A prominent problem faced by conversational agents working with large documents (Eg: email-based assistants) is the frequent presence of information in the document that is irrelevant to the assistant. This in turn makes it harder for the agent to accurately detect intents, extract entities relevant to those intents and perform the desired action. To address this issue we present a neural model for scoping relevant information for the agent from a large document. We show that when used as the first step in a popularly used email-based assistant for helping users schedule meetings, our proposed model helps improve the performance of the intent detection and entity extraction tasks required by the agent for correctly scheduling meetings: across a suite of 6 downstream tasks, by using our proposed method, we observe an average gain of 35% in precision without any drop in recall. Additionally, we demonstrate that the same approach can be used for component level analysis in large documents, such as signature block identification.
State of the art research for date-time entity extraction from text is task agnostic. Consequently, while the methods proposed in literature perform well for generic date-time extraction from texts, they don’t fare as well on task specific date-time entity extraction where only a subset of the date-time entities present in the text are pertinent to solving the task. Furthermore, some tasks require identifying negation constraints associated with the date-time entities to correctly reason over time. We showcase a novel model for extracting task-specific date-time entities along with their negation constraints. We show the efficacy of our method on the task of date-time understanding in the context of scheduling meetings for an email-based digital AI scheduling assistant. Our method achieves an absolute gain of 19% f-score points compared to baseline methods in detecting the date-time entities relevant to scheduling meetings and a 4% improvement over baseline methods for detecting negation constraints over date-time entities.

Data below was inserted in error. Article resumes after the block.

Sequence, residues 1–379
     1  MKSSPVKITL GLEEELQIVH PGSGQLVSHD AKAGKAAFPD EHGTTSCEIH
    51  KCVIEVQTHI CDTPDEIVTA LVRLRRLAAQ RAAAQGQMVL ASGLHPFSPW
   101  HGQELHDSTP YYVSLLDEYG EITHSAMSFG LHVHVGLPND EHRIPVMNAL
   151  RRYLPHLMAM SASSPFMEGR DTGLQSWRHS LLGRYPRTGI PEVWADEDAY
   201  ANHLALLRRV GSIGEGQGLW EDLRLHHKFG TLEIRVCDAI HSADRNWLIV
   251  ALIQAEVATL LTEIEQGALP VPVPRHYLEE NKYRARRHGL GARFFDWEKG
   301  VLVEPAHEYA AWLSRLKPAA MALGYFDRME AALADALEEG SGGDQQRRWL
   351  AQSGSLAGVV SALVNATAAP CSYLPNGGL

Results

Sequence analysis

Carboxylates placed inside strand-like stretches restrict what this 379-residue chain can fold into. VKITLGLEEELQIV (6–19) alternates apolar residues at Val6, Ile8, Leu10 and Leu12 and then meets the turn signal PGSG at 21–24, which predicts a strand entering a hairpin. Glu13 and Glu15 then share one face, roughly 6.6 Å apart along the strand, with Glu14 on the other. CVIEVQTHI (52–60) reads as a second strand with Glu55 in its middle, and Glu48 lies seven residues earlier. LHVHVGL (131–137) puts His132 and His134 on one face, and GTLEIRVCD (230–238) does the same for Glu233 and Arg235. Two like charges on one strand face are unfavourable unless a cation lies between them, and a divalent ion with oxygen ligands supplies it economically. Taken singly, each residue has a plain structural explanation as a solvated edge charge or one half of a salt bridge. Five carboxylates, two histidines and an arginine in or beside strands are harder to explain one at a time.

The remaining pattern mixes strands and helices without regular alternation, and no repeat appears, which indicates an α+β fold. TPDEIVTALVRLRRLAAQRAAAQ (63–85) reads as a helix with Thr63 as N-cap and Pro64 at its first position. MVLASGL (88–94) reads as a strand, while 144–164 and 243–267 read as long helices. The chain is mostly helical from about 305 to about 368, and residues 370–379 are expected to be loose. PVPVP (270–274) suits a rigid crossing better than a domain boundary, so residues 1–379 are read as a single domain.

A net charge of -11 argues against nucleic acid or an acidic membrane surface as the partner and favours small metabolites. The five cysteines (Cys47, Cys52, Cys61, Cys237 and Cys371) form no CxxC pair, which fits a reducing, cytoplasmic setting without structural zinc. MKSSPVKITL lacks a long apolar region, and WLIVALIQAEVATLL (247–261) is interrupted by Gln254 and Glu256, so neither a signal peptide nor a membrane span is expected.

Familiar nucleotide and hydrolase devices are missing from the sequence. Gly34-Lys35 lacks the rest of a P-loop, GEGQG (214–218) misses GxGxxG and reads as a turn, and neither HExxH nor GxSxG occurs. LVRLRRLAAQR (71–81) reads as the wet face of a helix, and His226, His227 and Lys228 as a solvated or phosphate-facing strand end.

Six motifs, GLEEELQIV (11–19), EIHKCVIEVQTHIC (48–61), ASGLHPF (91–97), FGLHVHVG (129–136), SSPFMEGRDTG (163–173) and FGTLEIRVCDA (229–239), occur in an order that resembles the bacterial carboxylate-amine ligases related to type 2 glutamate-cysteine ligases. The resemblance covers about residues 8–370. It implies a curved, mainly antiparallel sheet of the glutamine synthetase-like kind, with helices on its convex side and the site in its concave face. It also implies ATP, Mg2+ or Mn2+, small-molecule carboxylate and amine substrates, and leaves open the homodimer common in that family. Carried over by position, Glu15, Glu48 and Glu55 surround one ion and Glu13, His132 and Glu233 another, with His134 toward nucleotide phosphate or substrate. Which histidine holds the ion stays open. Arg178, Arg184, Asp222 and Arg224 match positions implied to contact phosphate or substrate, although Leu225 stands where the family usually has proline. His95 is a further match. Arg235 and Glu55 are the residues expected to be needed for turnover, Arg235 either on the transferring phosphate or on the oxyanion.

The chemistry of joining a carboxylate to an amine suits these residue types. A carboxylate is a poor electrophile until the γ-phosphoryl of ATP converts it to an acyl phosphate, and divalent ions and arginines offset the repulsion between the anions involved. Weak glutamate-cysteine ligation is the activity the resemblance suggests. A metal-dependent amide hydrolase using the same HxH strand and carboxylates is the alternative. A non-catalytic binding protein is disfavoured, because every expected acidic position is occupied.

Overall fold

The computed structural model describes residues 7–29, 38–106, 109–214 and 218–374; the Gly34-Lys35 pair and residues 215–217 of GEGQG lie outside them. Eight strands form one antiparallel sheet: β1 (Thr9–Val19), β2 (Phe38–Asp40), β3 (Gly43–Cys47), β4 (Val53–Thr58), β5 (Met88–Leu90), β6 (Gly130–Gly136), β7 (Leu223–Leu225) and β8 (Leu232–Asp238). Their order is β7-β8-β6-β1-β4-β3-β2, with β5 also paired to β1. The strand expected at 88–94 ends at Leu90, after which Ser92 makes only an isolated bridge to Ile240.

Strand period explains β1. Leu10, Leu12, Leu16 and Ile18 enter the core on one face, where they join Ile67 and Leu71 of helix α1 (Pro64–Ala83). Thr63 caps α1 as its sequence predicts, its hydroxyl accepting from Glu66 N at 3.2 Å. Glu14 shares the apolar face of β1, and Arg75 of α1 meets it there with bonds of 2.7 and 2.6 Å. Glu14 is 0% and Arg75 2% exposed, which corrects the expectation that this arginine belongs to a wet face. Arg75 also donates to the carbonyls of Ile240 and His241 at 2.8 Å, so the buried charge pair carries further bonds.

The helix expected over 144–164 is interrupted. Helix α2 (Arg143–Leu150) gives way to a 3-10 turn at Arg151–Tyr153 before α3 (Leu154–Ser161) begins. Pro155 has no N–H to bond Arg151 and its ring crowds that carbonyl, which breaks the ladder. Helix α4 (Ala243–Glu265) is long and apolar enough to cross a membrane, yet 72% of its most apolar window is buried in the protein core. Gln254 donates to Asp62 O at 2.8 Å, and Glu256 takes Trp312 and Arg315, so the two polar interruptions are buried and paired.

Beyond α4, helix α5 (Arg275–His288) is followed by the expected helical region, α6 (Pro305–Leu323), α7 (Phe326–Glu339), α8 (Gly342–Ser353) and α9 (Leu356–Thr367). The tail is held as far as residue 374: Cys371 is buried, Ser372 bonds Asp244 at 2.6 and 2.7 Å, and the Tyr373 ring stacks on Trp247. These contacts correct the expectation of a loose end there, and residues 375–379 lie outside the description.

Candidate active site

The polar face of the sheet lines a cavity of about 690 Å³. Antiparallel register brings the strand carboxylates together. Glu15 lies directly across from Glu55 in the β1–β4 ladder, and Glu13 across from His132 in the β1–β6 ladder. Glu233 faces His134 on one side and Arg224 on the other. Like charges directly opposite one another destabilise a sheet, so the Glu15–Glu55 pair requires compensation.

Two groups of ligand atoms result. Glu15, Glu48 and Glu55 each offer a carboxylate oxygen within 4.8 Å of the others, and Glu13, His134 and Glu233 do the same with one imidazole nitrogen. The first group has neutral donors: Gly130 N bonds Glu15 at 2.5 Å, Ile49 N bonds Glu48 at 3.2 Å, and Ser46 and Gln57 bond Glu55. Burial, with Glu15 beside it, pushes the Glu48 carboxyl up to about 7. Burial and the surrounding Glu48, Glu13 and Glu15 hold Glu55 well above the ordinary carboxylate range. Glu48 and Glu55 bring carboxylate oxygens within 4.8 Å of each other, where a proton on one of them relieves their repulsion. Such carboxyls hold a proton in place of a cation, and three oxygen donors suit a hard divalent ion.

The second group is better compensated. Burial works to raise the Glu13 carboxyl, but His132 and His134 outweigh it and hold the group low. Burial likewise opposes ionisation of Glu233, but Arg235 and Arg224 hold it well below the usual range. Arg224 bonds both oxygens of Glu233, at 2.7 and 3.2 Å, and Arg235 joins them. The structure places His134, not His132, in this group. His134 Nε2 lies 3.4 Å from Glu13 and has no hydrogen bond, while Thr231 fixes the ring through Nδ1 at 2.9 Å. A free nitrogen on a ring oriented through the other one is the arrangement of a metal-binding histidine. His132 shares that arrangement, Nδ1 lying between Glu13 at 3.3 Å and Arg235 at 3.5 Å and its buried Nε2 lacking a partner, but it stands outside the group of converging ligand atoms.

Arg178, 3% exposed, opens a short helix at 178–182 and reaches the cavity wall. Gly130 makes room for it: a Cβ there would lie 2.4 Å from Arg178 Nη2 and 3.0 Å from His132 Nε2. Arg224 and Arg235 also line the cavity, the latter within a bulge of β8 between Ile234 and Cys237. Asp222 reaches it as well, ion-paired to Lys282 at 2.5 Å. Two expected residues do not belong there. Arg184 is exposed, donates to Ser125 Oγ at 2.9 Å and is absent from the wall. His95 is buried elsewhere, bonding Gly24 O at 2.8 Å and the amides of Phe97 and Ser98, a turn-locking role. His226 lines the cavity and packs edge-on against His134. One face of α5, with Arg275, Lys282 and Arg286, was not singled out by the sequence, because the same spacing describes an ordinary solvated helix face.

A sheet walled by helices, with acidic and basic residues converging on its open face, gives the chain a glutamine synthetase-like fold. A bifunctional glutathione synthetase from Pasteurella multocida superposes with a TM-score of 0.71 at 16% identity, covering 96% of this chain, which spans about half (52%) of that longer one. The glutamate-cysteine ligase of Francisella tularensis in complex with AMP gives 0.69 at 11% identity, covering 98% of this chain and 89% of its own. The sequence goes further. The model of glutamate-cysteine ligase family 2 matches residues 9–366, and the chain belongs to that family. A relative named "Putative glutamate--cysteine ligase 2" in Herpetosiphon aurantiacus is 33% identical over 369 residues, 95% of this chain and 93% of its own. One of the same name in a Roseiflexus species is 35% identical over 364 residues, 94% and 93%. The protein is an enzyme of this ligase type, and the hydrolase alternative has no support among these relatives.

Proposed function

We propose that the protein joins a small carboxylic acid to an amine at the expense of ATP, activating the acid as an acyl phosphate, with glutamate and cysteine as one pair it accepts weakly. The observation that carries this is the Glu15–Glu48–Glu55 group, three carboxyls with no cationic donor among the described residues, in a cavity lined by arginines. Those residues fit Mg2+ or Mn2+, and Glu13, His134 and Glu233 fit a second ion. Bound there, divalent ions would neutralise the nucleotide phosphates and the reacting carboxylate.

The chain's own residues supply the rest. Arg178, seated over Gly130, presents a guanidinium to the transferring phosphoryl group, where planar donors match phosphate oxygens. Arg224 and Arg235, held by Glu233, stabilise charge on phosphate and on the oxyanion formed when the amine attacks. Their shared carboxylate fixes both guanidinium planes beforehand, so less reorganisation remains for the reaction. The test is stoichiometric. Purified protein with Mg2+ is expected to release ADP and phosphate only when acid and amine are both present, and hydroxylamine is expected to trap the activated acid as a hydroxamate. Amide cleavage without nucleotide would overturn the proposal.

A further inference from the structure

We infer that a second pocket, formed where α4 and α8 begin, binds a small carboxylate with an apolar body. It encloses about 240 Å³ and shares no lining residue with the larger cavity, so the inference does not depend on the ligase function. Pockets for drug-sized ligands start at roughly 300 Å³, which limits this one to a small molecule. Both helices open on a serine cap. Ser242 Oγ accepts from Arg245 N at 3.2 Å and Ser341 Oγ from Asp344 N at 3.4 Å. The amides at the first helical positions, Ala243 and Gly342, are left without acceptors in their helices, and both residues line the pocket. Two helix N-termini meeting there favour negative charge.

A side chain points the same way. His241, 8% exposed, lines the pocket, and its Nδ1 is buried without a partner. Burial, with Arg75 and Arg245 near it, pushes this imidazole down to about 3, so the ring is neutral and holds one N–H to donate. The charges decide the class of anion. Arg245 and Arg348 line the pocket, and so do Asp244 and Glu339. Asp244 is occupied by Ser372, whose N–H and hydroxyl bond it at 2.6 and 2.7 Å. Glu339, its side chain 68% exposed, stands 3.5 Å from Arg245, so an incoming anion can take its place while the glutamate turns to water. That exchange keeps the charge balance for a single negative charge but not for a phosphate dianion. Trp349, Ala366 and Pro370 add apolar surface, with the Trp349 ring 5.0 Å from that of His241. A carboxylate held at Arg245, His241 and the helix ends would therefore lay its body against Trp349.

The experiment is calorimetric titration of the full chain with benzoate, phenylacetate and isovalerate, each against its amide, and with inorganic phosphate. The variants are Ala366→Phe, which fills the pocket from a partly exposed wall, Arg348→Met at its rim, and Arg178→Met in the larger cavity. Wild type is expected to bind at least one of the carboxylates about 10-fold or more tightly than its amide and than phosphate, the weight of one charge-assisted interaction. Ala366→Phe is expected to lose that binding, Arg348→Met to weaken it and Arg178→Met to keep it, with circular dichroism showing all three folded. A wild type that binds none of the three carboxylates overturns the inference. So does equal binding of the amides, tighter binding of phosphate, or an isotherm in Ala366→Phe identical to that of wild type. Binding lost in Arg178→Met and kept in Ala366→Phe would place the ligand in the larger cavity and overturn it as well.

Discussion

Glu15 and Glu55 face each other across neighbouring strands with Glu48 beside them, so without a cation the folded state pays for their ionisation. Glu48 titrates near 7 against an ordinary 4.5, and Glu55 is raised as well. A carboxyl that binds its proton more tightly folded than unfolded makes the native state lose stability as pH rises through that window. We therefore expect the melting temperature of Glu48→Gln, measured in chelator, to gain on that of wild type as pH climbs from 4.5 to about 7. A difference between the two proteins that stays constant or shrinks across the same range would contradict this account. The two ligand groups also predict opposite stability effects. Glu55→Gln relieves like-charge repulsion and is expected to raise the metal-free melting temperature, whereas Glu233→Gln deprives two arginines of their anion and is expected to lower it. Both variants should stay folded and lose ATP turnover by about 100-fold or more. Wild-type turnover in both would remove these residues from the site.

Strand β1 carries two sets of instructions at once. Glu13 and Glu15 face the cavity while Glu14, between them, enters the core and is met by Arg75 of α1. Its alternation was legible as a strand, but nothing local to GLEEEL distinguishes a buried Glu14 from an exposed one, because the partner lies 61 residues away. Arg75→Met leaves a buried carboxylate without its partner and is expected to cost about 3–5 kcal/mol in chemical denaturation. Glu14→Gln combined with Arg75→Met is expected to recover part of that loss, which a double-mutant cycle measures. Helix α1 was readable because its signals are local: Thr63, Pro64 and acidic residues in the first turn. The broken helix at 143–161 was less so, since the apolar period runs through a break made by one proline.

The task of entity recognition has traditionally been modelled as a sequence labelling task. However, this usually requires a large amount of fine-grained data annotated at the token level, which in turn can be expensive and cumbersome to obtain. In this work, we aim to circumvent this requirement of word-level annotated data. To achieve this, we propose a novel architecture for entity recognition from a corpus containing weak binary presence/absence labels, which are relatively easier to obtain. We show that our proposed weakly supervised model, trained solely on a multi-label classification task, performs reasonably well on the task of entity recognition, despite not having access to any token-level ground truth data.
Recent work on bilingual lexicon induction (BLI) has frequently depended either on aligned bilingual lexicons or on distribution matching, often with an assumption about the isometry of the two spaces. We propose a technique to quantitatively estimate this assumption of the isometry between two embedding spaces and empirically show that this assumption weakens as the languages in question become increasingly etymologically distant. We then propose Bilingual Lexicon Induction with Semi-Supervision (BLISS) — a semi-supervised approach that relaxes the isometric assumption while leveraging both limited aligned bilingual lexicons and a larger set of unaligned word embeddings, as well as a novel hubness filtering technique. Our proposed method obtains state of the art results on 15 of 18 language pairs on the MUSE dataset, and does particularly well when the embedding spaces don’t appear to be isometric. In addition, we also show that adding supervision stabilizes the learning procedure, and is effective even with minimal supervision.